Rangers: Paul le Guen era failed to live up to expectations at Ibrox
In the end, the only distinction Paul le Guen achieved at Rangers was to be the club's shortest serving manager.
He spent seven months at Ibrox, leaving on January 4 2007, a spell that encompassed 31 games and generated a number of theories about why the Frenchman failed.
Reflections on Le Guen's time tend to fall into two perspectives: he misunderstood the key aspects of the job, or the players were unreceptive to his methods and ideology.
The reality is most likely somewhere in between, since some of his thoughts on diet and training are now commonplace, but also some of the same players went on to be successful under Le Guen's successor, Walter Smith.
|Paul le Guen's troubled Rangers tenure|
|Appointed: 11 March 2006||Games in charge: 31|
|Succeeds Alex McLeish at Ibrox||Le Guen: "I'm looking forward to the challenge at Rangers..."|
|Leaves by mutual consent: 4 January 2007||Le Guen: "This is the best solution for all concerned..."|
Le Guen arrived with a strong reputation. He won three successive league titles with Lyon, as well as twice reaching the Champions League quarter-finals. He was urbane and cosmopolitan, and the expectation was that he would transform Rangers.
Instead, it was his own reputation that was altered. There were errors of judgement from the outset and struggles to properly communicate with the players.
The Frenchman had set ideas about training, but failed to modify them to the circumstances. He did not want tackling during sessions, but failed to grasp the competitive nature of Scottish football and players.
Le Guen ought to have introduced his changes gradually. He split training into two sessions across the day, with a break of several hours in between.
That interval should have been an opportunity for the players to sleep - and many clubs now have sleeping quarters inside their training ground, or temporary sleep pods installed - but there were no facilities for that and the players instead became bored.
Le Guen understood that the job was to improve the club and the team, but he never adapted to the working environment. He needed the squad of players to buy into his approach, but many of them felt disheartened.
Resistance to change
Le Guen was part of the generation of coaches who understood the differences that nutrition can make to elite performance. He insisted that crisps were removed from the vending machines at the training ground and the players' diets were monitored and changed.
There is now a far greater acceptance of the need to refuel properly, that the timings of protein and carbohydrate intake are important, that players need to live as athletes 24 hours a day, that alcohol intake should be limited, that sleep and adequate hydration are vital. Le Guen's ideas were valid, but his failure was to convince the players of their worth.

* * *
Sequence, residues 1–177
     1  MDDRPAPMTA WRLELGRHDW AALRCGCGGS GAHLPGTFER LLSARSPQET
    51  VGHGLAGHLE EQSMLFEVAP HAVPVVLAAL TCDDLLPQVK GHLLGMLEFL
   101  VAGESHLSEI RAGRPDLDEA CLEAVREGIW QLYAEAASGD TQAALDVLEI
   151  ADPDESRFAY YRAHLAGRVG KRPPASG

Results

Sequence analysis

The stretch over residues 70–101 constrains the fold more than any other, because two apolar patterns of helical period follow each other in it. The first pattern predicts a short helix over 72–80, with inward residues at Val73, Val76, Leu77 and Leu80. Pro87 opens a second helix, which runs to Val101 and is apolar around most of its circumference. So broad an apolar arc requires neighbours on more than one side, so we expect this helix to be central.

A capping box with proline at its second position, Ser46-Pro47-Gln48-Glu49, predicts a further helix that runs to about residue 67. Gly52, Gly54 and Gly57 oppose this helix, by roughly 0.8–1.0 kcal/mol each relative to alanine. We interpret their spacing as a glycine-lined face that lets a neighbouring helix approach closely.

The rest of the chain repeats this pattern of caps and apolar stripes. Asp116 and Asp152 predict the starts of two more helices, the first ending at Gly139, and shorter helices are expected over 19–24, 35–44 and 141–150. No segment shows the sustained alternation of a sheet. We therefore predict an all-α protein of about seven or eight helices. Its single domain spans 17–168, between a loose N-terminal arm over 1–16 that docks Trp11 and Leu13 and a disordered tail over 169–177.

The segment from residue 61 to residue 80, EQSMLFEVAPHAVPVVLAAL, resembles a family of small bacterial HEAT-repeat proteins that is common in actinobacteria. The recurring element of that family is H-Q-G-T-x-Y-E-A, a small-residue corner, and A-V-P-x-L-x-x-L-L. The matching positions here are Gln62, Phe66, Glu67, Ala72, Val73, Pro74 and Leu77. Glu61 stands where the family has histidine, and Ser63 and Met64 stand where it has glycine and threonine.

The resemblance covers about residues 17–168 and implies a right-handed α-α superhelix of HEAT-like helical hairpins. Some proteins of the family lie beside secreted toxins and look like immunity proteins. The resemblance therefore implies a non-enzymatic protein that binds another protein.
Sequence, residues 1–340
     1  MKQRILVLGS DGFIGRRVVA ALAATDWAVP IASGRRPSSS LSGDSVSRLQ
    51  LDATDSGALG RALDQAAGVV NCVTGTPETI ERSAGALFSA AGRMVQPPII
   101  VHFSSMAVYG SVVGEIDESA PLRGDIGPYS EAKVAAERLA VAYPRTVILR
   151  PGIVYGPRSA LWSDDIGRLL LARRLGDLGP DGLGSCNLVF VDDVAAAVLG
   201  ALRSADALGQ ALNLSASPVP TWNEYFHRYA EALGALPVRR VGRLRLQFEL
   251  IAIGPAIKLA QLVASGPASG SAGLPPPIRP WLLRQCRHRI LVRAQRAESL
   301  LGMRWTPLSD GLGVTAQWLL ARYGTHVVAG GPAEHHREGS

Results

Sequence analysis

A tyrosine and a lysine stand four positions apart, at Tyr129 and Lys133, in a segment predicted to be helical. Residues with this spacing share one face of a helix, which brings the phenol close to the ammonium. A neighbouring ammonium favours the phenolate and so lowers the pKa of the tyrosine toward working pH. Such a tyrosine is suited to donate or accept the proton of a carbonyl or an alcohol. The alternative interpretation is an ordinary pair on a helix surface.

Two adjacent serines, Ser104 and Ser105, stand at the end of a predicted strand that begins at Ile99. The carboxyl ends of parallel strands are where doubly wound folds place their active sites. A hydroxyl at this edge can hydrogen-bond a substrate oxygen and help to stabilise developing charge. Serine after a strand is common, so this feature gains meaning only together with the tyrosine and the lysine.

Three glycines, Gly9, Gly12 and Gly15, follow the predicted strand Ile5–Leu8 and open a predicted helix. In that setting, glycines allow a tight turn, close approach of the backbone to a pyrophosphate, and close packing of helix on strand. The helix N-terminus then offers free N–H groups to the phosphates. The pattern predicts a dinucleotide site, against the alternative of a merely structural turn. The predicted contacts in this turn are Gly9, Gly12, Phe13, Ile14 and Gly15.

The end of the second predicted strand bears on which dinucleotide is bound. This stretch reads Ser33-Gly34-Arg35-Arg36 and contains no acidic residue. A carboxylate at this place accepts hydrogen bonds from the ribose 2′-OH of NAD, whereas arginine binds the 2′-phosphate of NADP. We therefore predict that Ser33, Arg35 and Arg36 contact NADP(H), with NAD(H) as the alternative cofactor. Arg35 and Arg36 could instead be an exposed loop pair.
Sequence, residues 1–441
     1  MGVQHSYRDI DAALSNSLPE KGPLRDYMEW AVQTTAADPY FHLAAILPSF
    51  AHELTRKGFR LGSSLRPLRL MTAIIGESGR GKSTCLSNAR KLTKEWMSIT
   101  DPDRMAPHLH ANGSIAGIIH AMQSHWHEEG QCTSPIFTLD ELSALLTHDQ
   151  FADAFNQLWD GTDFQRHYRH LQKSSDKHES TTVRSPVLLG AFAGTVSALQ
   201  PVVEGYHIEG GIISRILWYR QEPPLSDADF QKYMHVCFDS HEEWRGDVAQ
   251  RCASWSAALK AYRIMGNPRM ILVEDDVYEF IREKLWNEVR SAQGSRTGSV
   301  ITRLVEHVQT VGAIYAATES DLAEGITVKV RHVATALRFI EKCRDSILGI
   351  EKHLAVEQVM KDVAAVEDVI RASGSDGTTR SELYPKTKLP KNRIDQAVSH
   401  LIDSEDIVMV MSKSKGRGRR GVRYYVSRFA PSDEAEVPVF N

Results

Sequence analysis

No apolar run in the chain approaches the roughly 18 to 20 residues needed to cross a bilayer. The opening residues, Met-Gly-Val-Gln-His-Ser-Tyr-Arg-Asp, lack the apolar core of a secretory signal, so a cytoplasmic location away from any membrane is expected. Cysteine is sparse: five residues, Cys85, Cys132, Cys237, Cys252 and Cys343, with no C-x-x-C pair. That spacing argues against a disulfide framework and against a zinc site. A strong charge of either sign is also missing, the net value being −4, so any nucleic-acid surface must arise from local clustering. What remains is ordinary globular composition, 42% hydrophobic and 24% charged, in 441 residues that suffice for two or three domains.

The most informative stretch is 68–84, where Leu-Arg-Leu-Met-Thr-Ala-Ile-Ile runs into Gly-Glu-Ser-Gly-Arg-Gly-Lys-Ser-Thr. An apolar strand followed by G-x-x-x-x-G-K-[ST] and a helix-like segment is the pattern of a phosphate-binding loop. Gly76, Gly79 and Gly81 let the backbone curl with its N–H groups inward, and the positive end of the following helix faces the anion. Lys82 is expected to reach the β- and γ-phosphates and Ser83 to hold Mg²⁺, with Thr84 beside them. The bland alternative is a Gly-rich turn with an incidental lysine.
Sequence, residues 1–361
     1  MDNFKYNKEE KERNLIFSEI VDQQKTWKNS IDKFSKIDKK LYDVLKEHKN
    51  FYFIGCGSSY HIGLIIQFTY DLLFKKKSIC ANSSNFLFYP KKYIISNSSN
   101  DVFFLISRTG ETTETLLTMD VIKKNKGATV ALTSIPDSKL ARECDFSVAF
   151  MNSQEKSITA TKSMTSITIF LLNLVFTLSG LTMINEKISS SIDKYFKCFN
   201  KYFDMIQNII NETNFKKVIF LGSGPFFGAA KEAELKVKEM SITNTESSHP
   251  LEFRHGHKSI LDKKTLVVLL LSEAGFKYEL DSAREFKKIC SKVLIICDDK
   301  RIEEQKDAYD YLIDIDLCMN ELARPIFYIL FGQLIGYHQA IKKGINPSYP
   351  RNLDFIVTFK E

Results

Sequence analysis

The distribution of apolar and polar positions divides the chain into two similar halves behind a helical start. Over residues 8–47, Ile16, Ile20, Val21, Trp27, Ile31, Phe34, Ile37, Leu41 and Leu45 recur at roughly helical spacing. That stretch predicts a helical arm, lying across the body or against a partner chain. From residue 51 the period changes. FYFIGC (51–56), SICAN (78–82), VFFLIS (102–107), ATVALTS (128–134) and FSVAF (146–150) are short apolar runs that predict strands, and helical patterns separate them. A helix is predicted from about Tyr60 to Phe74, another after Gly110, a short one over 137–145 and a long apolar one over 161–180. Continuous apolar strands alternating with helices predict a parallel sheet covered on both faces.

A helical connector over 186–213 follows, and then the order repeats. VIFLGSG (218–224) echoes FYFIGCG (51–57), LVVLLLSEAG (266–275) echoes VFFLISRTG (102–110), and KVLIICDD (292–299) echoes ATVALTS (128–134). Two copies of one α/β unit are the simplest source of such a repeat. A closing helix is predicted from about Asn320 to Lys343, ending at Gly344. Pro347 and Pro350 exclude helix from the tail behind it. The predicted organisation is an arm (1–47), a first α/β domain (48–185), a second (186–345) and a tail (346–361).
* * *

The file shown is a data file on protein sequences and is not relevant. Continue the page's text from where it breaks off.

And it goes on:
Arsene Wenger initially encountered resistance at Arsenal, but soon the likes of Tony Adams and Martin Keown were enthusiastic advocates for the worth of good nutrition, stretching and recovery periods.
Le Guen made a decisive move when he sent Fernando Ricksen home from a pre-season tour to South Africa for his drinking and misbehaviour on the flight, but while he was justified in his actions, it was not enough to underpin his leadership of the squad.
The strongest personality in the dressing room was captain Barry Ferguson, but Le Guen did not foster a good enough relationship with the midfielder.
A fiercely competitive figure, who was brought through the youth ranks by coaches steeped in the club's demand to win every contest, Ferguson grew increasingly frustrated with the team's poor form and an outburst following a downturn in results led to Le Guen banishing him.
The fact that some of Ferguson's team-mates still perceive this act as the Frenchman trying to initiate his departure tells of the dysfunctional relationship between the players and the manager. Le Guen never grasped the level of demand at Rangers, he never realised that dropped points are never considered acceptable even in the context of the season as a whole.
Assessing Scottish football
Of all the misjudgements, perhaps the most influential was Le Guen's failure to come to terms with Scottish football. The quality is diminished compared to elsewhere on the continent, but aggression, competitiveness, desire to win and physical strength - running, heading and work-rate - are all common attributes.
Le Guen underestimated the game in Scotland. That undermined his recruitment, too, since he signed players like Karl Svensson, a centre-back who struggled with the aerial demands of Scottish football.
The causes were varied, since his budget was limited compared to the funds one of his predecessors, Dick Advocaat, had been able to spend on building a team.
Yet Le Guen also came from a club in Lyon with a well-established recruitment department that had extensive experience of identifying signing targets and a president with a savvy understanding of market values.
At Rangers, Le Guen was essentially on his own when it came to recruitment and that showed, with three of his 12 signings coming from one club - Austria Vienna. Ultimately, only one of the 12 arrivals, Sasa Papac, was capable of thriving in Scottish football.
By then, Le Guen was a distant memory.